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Cowboys’ laterals could have been the most insane ending in NFL history

Ezekiel Elliott, Blake Martinez

Dallas Cowboys running back Ezekiel Elliott (21) looks for running room as Green Bay Packers linebacker Blake Martinez (50) pursues in the first half of an NFL football game, Sunday, Oct. 8, 2017, in Arlington, Texas. (AP Photo/Michael Ainsworth)


Overlooked in the Packers’ dramatic comeback win over the Cowboys on Sunday is just how crazy an ending the Cowboys nearly pulled off on the game’s final play.

With the ball on their own 25-yard line and five seconds left in the game, the Cowboys tried what teams always try in that situation: A desperate, Stanford band-style, multiple-lateral play. What was crazy about this particular play was how close it came to working -- thanks in part to multiple players on the Packers seeming to think the game had ended while the play was still going on.

The play started with Dak Prescott passing to Brice Butler for 10 yards. Butler lateraled to Ezekiel Elliott, who made a nice move and picked up 20 yards before lateraling to Prescott, who lateraled back to Butler, who lateraled back to Prescott, who lateraled to Jason Witten.

At that point Witten threw a lateral that hit the ground, and several players just quit on the play. It’s unclear what they were thinking -- perhaps they thought Witten had thrown the ball forward, which would have ended the play, although replays clearly show it was a backward pass -- but they just stopped. Packers linebacker Nick Perry picked up the ball and just stood there, and several other players were just standing around watching him.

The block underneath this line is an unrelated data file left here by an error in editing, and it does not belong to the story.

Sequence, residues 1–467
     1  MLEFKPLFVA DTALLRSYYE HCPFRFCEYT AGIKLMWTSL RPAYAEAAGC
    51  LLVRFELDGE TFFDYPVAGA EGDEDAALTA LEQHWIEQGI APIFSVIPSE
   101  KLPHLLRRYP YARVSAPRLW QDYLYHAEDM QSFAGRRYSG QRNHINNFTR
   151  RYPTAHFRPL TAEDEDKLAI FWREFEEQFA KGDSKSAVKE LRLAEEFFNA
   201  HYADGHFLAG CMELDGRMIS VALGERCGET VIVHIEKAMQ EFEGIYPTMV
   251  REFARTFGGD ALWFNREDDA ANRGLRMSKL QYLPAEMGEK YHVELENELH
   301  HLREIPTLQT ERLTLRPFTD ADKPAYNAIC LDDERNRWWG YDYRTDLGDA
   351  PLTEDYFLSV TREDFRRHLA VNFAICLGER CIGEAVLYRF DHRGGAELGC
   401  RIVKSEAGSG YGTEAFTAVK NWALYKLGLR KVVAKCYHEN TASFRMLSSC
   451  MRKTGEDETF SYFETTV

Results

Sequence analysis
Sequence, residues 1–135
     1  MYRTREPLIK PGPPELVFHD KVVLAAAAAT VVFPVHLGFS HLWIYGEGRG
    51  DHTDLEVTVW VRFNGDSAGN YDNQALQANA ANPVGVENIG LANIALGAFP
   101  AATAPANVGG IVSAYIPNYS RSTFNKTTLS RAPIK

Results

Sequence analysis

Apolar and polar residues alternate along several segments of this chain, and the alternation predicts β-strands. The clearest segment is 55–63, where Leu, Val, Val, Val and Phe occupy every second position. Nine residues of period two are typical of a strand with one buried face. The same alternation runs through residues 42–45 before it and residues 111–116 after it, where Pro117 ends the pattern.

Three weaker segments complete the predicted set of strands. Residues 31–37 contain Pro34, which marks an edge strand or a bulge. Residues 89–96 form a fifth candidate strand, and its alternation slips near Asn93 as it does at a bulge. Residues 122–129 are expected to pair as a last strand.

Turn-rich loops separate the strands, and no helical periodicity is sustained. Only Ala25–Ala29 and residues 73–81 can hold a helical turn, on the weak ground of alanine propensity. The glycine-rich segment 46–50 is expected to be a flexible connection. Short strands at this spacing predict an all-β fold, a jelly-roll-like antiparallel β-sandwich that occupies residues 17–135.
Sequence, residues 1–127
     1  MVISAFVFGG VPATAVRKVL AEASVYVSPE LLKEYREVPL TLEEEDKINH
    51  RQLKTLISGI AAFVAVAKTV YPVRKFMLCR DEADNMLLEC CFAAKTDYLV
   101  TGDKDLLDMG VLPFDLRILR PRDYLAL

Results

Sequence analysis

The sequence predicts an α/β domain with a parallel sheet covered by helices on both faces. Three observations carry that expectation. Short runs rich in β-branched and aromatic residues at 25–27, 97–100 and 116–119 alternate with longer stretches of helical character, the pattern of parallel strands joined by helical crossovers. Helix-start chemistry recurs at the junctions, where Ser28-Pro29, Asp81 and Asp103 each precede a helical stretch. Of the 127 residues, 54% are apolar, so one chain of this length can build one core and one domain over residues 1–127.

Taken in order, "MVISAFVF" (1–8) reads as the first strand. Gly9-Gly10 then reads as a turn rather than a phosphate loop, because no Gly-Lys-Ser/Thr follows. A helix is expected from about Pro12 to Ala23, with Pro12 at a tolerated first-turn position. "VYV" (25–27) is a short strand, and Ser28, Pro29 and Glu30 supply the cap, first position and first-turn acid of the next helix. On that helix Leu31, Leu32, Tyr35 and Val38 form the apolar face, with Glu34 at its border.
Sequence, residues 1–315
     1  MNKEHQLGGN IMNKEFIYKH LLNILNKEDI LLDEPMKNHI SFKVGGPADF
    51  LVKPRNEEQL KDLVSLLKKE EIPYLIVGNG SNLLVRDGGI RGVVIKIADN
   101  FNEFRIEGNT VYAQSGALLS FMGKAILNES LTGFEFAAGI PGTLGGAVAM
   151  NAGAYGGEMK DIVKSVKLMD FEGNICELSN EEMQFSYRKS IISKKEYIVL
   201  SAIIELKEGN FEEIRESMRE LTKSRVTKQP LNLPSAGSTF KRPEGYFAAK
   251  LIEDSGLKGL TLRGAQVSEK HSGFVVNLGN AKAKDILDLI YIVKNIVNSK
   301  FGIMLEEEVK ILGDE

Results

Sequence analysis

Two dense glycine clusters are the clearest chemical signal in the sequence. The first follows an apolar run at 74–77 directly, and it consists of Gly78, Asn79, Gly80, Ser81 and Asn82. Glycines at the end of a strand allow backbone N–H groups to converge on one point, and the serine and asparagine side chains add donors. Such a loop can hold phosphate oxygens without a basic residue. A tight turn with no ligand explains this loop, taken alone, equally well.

Cowboys center Travis Frederick alertly knocked the ball out of Perry’s hands and began running with it, but when he tried to lateral the ball hit the ground and the Packers recovered, finally ending the game.

It easily could have gone differently, however. Prescott was trailing Frederick, and if Frederick had realized it and pitched the ball to Prescott, it’s entirely possible that Prescott would have been able to score himself or find someone else to lateral to. The Cowboys could have won, and if they had it could have been the craziest ending in NFL history.

Perry would have been the scapegoat for a Packers loss, because he had the ball and just had to kneel down to win the game, and instead he just stood there. But he was far from the only Packer who didn’t understand what was going on. Even Packers head coach Mike McCarthy appeared to step on the field before the play was over. FOX announcers Joe Buck and Troy Aikman also didn’t seem to fully grasp how close they were to calling the most insane final play ever.

As it stands, the play will be largely forgotten, and when people speak of Sunday’s Packers-Cowboys game they’ll remember it ending with Aaron Rodgers saving the day. It nearly ended a whole lot differently.